NAP-I is a functional homologue of TAF-I that is required for replication and transcription of the adenovirus genome in a chromatin-like structure


Kyosuke Nagata Department of Biomolecular Engineering, Faculty of Bioscience and Biotechnology, Tokyo Institute of Technology, 4259 Nagatsuta, Midori-ku, Yokohama 226, Japan.


Background: For the activation of replication and transcription from DNA in a chromatin structure, a variety of factors are thought to be needed that alter the chromatin structure. Template activating factor-I (TAF-I) has been identified as such a host factor required for replication of the adenovirus (Ad) genome complexed with viral basic core proteins (Ad core). TAF-I also stimulates transcription from the Ad core DNA.

Results: Using mutant TAF-I proteins, we have demonstrated that the acidic stretch present in the carboxyl terminal region is essential for the stimulation of transcription from the Ad core. A genomic footprinting experiment with restriction endonuclease has revealed that TAF-I causes a structural change in the Ad core. TAF-I has been shown to have significant amino acid similarity to nucleosome assembly protein-I (NAP-I), which is involved in the formation of the chromatin structure. We have shown that TAF-I can be substituted by NAP-I in the activation of the cell-free Ad core transcription system. Two of the tripartite acidic regions and the region homologous to TAF-I in NAP-I are required for the maximal TAF-I activity of NAP-I. Furthermore, TAF-I has been shown to have NAP-I activity, and the acidic region of TAF-I is required for this activity.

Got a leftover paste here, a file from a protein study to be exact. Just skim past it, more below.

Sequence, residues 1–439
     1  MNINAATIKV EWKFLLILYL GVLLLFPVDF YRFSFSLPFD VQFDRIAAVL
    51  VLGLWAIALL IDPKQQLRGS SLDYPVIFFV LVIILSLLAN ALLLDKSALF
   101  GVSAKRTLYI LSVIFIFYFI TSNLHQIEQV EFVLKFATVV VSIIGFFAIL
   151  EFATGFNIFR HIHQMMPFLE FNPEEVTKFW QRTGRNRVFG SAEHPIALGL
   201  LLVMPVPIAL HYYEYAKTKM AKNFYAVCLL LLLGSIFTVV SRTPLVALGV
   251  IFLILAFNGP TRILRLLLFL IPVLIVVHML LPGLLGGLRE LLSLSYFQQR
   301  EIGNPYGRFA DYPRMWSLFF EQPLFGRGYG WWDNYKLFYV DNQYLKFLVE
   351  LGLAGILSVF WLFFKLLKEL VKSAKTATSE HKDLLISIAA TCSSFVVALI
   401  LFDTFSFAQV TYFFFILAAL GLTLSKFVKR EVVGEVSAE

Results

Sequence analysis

Conclusions: Since TAF-I causes the structural change of the Ad core and thereby activates transcription, TAF-I is thought to be one of the proteins which is involved in chromatin remodeling. NAP-I is structurally related to TAF-I and functionally substitutes for TAF-I. Furthermore, TAF-I has NAP-I activity. These observations suggest that this type of molecule has dual functions, possibly by participating in facilitating the assembly of the chromatin structure as well as perturbing the chromatin structure to allow transcription to proceed.